After Voyager, the Captain and Chakotay lived together for many years. They always came back to one another, but he was a wanderer by nature. It was in the blood, flowing back through Kolopak to his nomadic ancestors. His restlessness brought him to the Badlands, and the soldier's death he'd always wanted. Chakotay's passing brought always Tuvok's Vulcan prayer to mind: May your death bring you the peace you never found in life. She prayed it was so.
Don't hurry the journey at all
Better if it goes on for years
So you're old by the time you reach the island,
wealthy with all you've gained on the way
A crash from the kitchen made her sit up. They were clumsy these days. Their bodies shook with fine tremors, like a mild case of the Talucan ague. She feared going on alone. She feared staying without Tom. That, she supposed, was the night-side they spoke of. There was peace despite the terror, the type of contentment one feels toward the end of a long journey. A chapter closes, but another opens. She'd felt the same sense of loss, accomplishment, and anticipation on the day her child was born. Their only daughter came into the world during a Kazon attack, screaming along with the klaxon warning system. Brianna made a spectacular entrance, one befitting a Paris-Torres child. She took her first tottering steps across Voyager's bridge, and had an away mission at age two, when she accidentally beamed down to an M-class planet. No crew ever loved a child more. No daughter was ever so like her father. Sitting in her splash of sunlight, B'Elanna felt very lucky. Every girl should have a Tom Paris. Every mother should see a daughter fulfill dreams whispered of over her cradle.
Slowly, the daylight began to fade. As evening cast flickering shadows on the hardwood, B'Elanna thought of Kellis, the poet. He was a lucky fellow; she was bleeding and angry that day, more likely to tear his lips off than help him with his play. But he'd made art out of her life, set her story to music, and showed her the adventure through the eyes of a simpler people, who were dazzled by the tale.
Exploration was different now. Only the elite went to deep space. In her day, everyone was going, hopping rides to distant planets. Janeway's ship was like an intergalactic wagon train, picking up the dumped and stranded as it chugged toward Earth. Voyager's adventure was unique; There wouldn't be another play like The Away Mission of B'Elanna Torres, inspired by a reluctant, nebula-trotting muse. The magic came home with Voyager. It went to the scrap heap with the Delta Flyer. They couldn't afford to buy it, she wouldn't let Tom steal it, and he was too blind to fly it. All that remained of those years was a few snapshots and two dusty uniforms in the attic, one red, one gold.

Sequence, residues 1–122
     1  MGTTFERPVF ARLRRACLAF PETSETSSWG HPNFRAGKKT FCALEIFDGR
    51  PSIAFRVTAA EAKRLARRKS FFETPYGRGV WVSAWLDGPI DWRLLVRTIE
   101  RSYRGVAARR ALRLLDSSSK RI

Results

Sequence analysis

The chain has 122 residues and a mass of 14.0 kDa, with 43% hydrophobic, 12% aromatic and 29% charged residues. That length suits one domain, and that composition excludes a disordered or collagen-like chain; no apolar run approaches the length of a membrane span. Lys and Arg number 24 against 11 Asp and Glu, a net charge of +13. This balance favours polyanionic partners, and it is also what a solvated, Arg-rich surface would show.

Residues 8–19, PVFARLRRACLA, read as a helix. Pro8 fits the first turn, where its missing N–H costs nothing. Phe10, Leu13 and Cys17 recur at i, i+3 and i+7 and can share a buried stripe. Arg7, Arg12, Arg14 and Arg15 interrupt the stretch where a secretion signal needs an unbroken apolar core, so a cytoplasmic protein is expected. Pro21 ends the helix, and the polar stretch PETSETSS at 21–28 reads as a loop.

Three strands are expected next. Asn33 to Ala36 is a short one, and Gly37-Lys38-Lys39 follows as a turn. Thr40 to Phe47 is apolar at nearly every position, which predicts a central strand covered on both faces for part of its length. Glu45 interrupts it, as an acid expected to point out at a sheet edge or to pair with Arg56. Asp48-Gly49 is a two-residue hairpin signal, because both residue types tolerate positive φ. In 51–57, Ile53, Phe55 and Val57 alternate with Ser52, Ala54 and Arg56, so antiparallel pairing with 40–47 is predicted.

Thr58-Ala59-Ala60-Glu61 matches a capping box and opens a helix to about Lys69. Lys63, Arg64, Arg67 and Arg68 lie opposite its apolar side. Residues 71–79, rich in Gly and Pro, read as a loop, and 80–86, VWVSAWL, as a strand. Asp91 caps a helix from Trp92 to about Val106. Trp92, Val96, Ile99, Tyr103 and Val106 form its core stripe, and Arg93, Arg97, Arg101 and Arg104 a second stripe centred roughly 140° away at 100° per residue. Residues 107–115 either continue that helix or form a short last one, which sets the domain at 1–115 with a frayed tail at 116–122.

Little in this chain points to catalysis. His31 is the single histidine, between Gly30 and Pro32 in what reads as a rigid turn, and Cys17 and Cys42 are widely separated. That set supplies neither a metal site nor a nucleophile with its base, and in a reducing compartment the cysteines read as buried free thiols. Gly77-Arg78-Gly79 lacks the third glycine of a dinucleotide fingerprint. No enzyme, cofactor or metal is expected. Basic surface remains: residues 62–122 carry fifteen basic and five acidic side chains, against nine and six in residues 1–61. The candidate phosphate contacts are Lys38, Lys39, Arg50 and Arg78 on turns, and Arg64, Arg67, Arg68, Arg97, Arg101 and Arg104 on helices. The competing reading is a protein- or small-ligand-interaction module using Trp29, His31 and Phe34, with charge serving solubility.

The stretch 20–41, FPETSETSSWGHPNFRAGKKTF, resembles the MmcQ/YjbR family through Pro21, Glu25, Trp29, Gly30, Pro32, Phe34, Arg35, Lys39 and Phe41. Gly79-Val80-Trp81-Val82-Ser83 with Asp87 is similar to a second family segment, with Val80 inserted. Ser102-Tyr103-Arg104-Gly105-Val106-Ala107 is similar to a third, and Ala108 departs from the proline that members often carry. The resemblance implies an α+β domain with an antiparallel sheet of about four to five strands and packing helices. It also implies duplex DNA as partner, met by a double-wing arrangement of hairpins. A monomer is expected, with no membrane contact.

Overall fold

If the play had a coda, it would reveal how she ended her days in the sun; how she was loved, and loved in return; how shining Voyager, far from home came home for the last time.
Ithaka gave you the marvelous journey
Without her you wouldn't have set out
She hasn't anything more to give you
Tom would be heading outside soon, climbing his hill to sit among the brambles and peer at constellations he'd seen thousands of times before. With Tom, enthusiasm forged ahead of common sense. He was a foolish old man; she'd told him so.
Perhaps she'd join him, just this once.
They would climb the hill together and sit amid the wisteria, talking of the holodeck and the Hirogen. They'd speak of the passion winds on Alastria that come before the dawn, creating euphoria.
She'd keep to light subjects, recall the happiest times, avoiding Voyager's decommissioning and Harry's death. B'Elanna was strong, but that loss was still with her, like a pebble in the shoe. Fifty years later, Tom still grieved. B'Elanna worried about him. If she went first, he'd be on the hill every night, lost in a morass of memory.
When the hour was late, she'd take his arm. They'd follow the winding path down the hill, stepping carefully on the moonlit path, the stars above lighting the way home.